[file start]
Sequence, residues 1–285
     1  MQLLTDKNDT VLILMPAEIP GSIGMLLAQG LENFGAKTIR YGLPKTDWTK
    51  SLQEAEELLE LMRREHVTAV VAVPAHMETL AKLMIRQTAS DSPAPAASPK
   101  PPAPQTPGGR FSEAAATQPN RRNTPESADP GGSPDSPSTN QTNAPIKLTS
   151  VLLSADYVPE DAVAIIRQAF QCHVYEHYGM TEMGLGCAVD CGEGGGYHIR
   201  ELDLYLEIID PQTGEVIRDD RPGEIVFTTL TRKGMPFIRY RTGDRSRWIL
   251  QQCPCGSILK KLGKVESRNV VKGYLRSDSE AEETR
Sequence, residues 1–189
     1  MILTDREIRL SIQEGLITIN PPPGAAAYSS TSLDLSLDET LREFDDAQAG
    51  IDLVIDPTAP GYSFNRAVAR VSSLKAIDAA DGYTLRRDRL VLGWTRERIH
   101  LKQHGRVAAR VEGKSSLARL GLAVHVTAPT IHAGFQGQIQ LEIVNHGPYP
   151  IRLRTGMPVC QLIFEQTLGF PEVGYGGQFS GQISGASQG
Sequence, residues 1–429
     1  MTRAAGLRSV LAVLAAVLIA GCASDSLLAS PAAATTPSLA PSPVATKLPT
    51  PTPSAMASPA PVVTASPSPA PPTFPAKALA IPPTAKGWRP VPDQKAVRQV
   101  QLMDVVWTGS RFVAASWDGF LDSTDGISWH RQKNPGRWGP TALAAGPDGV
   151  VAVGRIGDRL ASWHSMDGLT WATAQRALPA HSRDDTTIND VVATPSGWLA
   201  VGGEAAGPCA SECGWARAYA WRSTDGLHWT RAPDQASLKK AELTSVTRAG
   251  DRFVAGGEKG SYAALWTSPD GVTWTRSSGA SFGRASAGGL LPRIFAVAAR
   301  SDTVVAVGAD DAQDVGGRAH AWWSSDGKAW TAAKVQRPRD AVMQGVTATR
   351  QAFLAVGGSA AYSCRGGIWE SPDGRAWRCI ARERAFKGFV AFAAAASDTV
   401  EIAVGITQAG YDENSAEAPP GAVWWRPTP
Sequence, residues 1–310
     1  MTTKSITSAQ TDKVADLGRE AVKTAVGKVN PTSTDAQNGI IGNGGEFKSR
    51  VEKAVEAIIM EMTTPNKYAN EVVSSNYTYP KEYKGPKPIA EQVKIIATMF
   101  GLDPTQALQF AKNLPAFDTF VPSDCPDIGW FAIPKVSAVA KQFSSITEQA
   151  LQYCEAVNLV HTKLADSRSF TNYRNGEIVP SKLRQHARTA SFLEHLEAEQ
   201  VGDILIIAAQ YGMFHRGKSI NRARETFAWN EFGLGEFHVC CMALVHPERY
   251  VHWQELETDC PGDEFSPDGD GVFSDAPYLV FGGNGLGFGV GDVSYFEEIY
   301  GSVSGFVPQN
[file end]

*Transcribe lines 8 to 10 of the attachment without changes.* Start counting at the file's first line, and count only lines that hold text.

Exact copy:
Sequence, residues 1–189
     1  MILTDREIRL SIQEGLITIN PPPGAAAYSS TSLDLSLDET LREFDDAQAG
    51  IDLVIDPTAP GYSFNRAVAR VSSLKAIDAA DGYTLRRDRL VLGWTRERIH